anova.manylm | R Documentation |

`anova`

method for class "manylm" - computes an analysis of variance
table for one or more linear model fits to high-dimensional data, such as
multivariate abundance data in ecology.

## S3 method for class 'manylm' anova(object, ..., resamp="perm.resid", test="F", p.uni="none", nBoot=999, cor.type=object$cor.type, block=NULL, shrink.param=object$shrink.param, studentize=TRUE, calc.rss = FALSE, tol=1.0e-10, rep.seed=FALSE, bootID=NULL ) ## S3 method for class 'anova.manylm' print( x, digits = max(getOption("digits") - 3, 3), signif.stars = getOption("show.signif.stars"), dig.tst = max(1, min(5, digits - 1)), eps.Pvalue = .Machine$double.eps, ...)

`object` |
object of class |

`...` |
for the |

`nBoot` |
the number of iterations in resampling. Default is 999 for P-values as fractions out of 1000. |

`resamp` |
the method of resampling used. Can be one of "perm.resid" (default), "residual", "score", "case". See Details. |

`test` |
the test to be used. Possible values are: |

`cor.type` |
structure imposed on the estimated correlation matrix under the fitted model. Can be "I"(default), "shrink", or "R". See Details. |

`block` |
A factor specifying the sampling level to be resampled. Default is resampling rows. |

`shrink.param` |
shrinkage parameter to be used if |

`p.uni` |
whether to calculate univariate test statistics and their P-values, and if so, what type. |

`studentize` |
logical. Whether studentized residuals should be used to simulate the data in the resampling steps. This option is not used in case resampling. |

`calc.rss` |
logical. Whether the Residual Sum of Squares should be calculated. |

`tol` |
the sensitivity in calculations near 0. |

`rep.seed` |
logical. Whether to fix random seed in resampling data. Useful for simulation or diagnostic purposes. |

`bootID` |
an integer matrix where each row specifies bootstrap id's in each resampling run. When |

`x` |
an object of class |

`digits` |
the number of significant digits to use when printing. |

`signif.stars` |
logical. If |

`dig.tst` |
the number of digits to round the estimates of the model parameters. |

`eps.Pvalue` |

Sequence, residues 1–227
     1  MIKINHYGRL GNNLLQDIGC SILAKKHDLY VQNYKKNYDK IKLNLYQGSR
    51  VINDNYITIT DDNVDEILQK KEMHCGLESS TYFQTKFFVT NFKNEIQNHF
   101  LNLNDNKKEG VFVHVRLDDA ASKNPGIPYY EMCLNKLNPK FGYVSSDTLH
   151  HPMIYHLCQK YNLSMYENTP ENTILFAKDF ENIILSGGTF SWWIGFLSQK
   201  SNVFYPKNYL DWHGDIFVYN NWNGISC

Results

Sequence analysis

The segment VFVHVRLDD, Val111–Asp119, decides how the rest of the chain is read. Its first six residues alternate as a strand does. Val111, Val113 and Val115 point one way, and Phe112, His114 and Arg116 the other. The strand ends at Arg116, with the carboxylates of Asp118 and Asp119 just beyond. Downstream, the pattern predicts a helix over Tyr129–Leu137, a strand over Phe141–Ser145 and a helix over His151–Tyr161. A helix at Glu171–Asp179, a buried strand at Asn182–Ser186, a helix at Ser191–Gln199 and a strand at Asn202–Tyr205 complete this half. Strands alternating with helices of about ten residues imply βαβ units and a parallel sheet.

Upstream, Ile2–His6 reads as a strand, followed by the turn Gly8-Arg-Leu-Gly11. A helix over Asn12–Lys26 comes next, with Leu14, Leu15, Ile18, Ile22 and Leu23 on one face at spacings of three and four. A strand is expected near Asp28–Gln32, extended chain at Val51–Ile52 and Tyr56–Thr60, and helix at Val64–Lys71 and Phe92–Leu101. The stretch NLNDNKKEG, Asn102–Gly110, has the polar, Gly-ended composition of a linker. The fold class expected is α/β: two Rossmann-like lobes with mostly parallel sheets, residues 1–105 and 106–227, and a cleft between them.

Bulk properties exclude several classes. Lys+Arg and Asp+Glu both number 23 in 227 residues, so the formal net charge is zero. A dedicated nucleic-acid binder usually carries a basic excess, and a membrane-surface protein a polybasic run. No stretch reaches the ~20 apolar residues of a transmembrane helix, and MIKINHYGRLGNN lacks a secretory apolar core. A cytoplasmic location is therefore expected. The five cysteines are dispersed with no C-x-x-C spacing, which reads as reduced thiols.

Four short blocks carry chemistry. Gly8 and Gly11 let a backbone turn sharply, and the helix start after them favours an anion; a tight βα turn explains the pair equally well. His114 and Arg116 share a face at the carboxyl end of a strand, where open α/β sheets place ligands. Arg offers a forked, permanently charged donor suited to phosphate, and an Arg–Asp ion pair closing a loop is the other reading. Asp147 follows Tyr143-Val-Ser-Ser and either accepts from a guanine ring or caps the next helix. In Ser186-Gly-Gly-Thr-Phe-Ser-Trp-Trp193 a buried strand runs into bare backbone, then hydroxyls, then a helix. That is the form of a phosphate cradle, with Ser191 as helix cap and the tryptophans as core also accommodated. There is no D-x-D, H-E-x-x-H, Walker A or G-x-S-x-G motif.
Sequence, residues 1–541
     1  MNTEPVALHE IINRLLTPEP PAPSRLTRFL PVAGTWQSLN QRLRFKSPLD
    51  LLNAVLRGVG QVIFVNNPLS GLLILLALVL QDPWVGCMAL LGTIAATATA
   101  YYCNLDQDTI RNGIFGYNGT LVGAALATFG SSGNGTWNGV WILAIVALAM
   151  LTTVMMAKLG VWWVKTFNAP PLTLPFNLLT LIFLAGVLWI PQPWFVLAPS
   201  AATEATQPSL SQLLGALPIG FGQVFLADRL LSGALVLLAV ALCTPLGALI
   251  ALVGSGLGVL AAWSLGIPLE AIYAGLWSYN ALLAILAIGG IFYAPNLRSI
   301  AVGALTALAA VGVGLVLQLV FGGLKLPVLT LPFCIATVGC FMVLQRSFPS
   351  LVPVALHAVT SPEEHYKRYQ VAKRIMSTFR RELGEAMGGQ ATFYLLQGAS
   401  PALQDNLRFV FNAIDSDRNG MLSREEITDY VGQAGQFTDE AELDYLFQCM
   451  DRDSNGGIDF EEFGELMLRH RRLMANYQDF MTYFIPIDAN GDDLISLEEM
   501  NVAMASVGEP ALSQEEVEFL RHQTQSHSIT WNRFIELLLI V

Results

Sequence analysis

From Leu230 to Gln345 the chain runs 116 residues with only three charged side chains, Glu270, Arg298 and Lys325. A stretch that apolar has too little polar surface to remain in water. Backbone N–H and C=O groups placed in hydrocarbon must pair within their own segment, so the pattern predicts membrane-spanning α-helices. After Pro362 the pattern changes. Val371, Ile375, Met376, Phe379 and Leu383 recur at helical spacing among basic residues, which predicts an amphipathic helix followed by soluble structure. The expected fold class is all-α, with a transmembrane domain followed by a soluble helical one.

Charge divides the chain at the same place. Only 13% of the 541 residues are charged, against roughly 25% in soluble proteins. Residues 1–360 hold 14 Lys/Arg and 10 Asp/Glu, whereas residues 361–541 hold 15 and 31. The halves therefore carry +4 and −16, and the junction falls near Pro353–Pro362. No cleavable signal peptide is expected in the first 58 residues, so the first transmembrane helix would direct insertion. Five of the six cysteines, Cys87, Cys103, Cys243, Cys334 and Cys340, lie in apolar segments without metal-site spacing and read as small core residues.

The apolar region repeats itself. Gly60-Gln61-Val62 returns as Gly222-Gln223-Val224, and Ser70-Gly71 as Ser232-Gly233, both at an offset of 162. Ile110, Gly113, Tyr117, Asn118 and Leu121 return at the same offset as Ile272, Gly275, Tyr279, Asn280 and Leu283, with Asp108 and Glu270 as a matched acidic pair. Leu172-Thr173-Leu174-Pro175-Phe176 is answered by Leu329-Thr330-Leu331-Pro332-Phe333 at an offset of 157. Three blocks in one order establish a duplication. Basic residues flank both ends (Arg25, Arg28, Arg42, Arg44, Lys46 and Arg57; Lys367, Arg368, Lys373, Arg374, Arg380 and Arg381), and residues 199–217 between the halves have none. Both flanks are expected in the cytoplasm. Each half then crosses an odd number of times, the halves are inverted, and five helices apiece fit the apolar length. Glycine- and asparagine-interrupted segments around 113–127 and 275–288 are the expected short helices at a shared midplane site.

a numerical tolerance for the formatting of p values. |

The `anova.manylm`

function returns a table summarising the statistical significance of a fitted manylm model, or of the differences between several nested models fitted to the same dataset. If one model is specified, sequential test statistics (and P values) are returned for that fit. If more than one object is specified, the table contains test statistics (and P values) comparing their fits.

The test statistics are determined by the argument `test`

, and the P-values are calculated by resampling rows of the data using a method determined by the argument `resamp`

. The four possible resampling methods are residual-permutation (Anderson and Robinson (2001)), score resampling (Wu (1986)), case and residual resampling (Davison and Hinkley (1997, chapter 6)), and involve resampling under the null hypothesis (except for case resampling). These methods ensure approximately valid inference even when the correlation between variables has been misspecified, and for case and score resampling, even when the equal variance assumption of linear models is invalid. By default, studentised residuals (r_i/sqrt(1-h_ii)) are used in residual and score resampling, although raw residuals could be used via the argument `studentize=FALSE`

.
If `resamp="none"`

, p-values cannot be calculated, however the test statistics are returned.

If you do not have a specific hypothesis of primary interest that you want to test, and are instead interested in which model terms are statistically significant, then the `summary.manylm`

function is more appropriate.

More than one object should only be specified when the models are nested. In this case the ANOVA table has a column for the residual degrees of freedom and a column for change in degrees of freedom. It is conventional to list the models from smallest to largest, but this is up to the user.

To check model assumptions, use `plot.manylm`

.

The `anova.manylm`

function is designed specifically for high-dimensional data (that, is when the number of variables p is not small compared to the number of observations N). In such instances a correlation matrix is computationally intensive to estimate and is numerically unstable, so by default the test statistic is calculated assuming independence of variables (`cor.type="I"`

). Note however that the resampling scheme used ensures that the P-values are approximately correct even when the independence assumption is not satisfied. However if it is computationally feasible for your dataset, it is recommended that you use `cor.type="shrink"`

to account for correlation between variables, or `cor.type="R"`

when p is small. The `cor.type="R"`